A Cannes Do
Swiss watchmaker Blancpain heads to the French Riviera for its latest blow-out.
Cannes knows its stars. During the annual film festival in May, the palm-lined idyll becomes a feeding frenzy for celebrities and the camera-wielding hordes who love them. But on a warm night in late September, the shutter-happy crowd jostling for a vantage spot were seeking a photo not of the latest A-list couple but of a new watch.
We were on Îles Sainte-Marguerite, a small island off Cannes that is better known as the place where the Man in the Iron Mask was imprisoned, and the watch at the heart of the crush (and the subject of considerable online chatter for months) was Blancpain’s Fifty Fathoms Act 3.
A vintage-inflected nod to the non-magnetic Fifty Fathoms MIL-SPEC from 1964, the handsome new model, priced at CHF 39,000 (around $43,000), marks the final chapter in Blancpain’s yearlong, 70th-anniversary celebration of its canonical diving watch. It features a matte black dial with a moisture indicator, Super-LumiNova vintage indices and a unidirectional rotating bezel with a ceramic insert and vintage Super-LumiNova diving scale.
What distinguishes it, though, is the casing material. While the original MIL-SPEC came in silver, the new anniversary edition uses a patented 9-karat gold bronze alloy—a gold diving watch? Pourquoi pas?—that allows for direct skin contact without the risk of oxidation.
Inside the case, the watch houses a 1154. P2 movement. Paired with a double barrel, it offers an impressive 100-hour power reserve, but, unlike the MIL-SPEC, the Act 3 allows the movement to be viewed through a sapphire caseback. In a nod to sustainability, and honouring Blancpain’s efforts to protect the oceans, the black NATO strap with a bronze stripe is made from recycled fishing nets.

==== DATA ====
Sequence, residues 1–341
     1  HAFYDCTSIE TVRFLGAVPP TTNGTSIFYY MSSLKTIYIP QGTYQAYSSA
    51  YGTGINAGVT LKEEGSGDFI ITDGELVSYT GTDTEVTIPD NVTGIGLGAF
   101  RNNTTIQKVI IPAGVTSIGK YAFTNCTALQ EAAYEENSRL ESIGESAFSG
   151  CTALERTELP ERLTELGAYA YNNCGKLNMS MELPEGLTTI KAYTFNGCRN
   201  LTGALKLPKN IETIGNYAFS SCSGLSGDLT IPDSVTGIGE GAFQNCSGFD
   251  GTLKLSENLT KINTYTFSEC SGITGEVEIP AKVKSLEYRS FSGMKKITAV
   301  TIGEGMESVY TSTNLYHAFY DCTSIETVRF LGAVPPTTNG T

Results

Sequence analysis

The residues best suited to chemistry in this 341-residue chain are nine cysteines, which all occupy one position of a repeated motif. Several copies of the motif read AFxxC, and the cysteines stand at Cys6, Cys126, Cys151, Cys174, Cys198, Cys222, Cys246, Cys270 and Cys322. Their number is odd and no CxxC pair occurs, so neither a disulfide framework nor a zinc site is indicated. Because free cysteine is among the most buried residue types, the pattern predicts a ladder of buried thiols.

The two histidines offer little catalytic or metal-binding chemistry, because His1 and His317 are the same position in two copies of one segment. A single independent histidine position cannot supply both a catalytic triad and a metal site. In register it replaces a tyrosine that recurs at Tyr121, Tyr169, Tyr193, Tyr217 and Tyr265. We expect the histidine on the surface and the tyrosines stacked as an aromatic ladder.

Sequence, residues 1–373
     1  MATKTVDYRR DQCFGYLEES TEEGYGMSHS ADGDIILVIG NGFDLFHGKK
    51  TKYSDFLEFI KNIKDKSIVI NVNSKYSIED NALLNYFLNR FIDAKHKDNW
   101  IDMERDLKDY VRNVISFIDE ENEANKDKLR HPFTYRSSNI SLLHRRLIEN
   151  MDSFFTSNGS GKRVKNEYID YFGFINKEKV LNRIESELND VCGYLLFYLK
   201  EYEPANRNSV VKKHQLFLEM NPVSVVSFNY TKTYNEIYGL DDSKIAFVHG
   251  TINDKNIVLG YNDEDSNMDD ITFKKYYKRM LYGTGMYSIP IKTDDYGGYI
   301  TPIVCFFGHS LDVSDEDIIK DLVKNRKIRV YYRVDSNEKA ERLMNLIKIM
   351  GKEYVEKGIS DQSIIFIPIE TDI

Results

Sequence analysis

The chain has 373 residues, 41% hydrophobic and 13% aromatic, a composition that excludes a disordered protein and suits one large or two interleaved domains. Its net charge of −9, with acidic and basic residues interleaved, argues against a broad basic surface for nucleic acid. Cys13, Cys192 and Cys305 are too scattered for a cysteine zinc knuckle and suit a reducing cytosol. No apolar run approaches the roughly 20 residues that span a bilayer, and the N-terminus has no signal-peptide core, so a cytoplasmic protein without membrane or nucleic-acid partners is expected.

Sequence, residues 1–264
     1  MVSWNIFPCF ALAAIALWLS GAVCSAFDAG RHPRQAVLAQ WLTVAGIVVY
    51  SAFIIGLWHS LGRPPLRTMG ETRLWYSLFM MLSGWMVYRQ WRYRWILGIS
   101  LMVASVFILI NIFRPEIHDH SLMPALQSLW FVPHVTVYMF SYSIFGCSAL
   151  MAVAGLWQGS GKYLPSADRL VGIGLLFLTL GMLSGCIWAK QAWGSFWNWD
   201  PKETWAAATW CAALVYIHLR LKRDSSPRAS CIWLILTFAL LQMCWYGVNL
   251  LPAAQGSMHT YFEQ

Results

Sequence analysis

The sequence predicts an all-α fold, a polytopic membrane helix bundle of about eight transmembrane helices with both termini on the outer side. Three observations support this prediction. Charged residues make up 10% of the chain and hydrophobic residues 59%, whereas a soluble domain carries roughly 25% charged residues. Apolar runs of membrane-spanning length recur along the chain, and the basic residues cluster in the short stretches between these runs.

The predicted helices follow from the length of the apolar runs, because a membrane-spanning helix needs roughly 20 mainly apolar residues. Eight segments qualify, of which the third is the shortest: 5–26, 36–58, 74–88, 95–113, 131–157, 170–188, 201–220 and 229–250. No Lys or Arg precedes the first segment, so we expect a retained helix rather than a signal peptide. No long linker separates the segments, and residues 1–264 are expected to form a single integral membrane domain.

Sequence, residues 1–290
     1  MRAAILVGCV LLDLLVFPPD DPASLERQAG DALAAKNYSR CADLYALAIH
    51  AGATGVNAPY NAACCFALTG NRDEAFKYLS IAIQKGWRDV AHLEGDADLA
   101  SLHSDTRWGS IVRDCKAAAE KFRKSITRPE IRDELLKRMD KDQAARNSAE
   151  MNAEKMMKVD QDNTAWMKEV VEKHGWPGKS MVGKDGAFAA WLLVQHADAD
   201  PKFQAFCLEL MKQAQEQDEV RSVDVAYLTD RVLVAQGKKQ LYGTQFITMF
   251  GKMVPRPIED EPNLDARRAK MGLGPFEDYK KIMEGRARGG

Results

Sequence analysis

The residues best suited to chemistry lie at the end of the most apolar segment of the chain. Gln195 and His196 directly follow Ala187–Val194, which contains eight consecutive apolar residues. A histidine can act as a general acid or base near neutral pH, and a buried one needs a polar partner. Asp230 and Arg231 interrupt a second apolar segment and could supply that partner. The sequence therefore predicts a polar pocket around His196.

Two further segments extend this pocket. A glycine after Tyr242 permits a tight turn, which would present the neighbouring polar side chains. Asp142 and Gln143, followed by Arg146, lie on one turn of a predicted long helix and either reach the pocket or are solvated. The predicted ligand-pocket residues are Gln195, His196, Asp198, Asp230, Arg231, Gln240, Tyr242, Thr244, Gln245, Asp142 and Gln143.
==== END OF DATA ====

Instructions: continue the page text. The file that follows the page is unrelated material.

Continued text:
Highlighting parallel developments in watchmaking and photography, the watch, issued in a production run of just 555 pieces, is presented inside a case that suggests the waterproof boxes of vintage cameras.
The Cannes location for the Act 3 launch made sense, given its place in Blancpain mythology. According to company lore, the Fifty Fathoms was conceived by Jean-Jacques Fiechter, the then co-director of Blancpain and an avid diver, after a diving incident off the coast of Cannes left him critically low on oxygen, on the precipice of death.
Recognising the vital role a specialised diving watch could play, Fiechter created the world’s first true underwater watch and it has remained a star in the Blancpain firmament since.
Its only rivals for attention on the night were Glenn Viel and Christopher Coutanceau, the chefs responsible for the evening’s much-lauded food. (Viel is the three times Michelin-hatted chef at restaurant L’Oustau de Baumanière in Provence and a standard-bearer of sustainable gastronomy; his compatriot Coutanceau, owner of the restaurant Christopher Coutanceau at La Rochelle, which has earned two Michelin stars.)
Notable guests—including Marc A. Hayek, President and CEO of Blancpain, Laurent Ballesta, Founder and Leader of Gombessa Expeditions and the inspiration behind the Act 2 released earlier this year, and Andrew Sharpless, CEO of Oceana, an international conservation organisation—enjoyed the repas served from the multiple food stations scattered around the makeshift venue.
The Fifty Fathoms nomenclature comes from a line in Shakespeare’s The Tempest, but the only suggestion of a storm on this night was a gentle breeze that wafted the unmistakable smell of raclette being cooked over an open fire. No one was complaining.
Even the late-night delay to be ferried back to the mainland, which prompted one attendee to quip that we had been held captive for longer than the island’s famous prisoner, wasn’t enough to dampen the spirit of revellers who were full of belly and satisfied from having spent time in the company of a new star.
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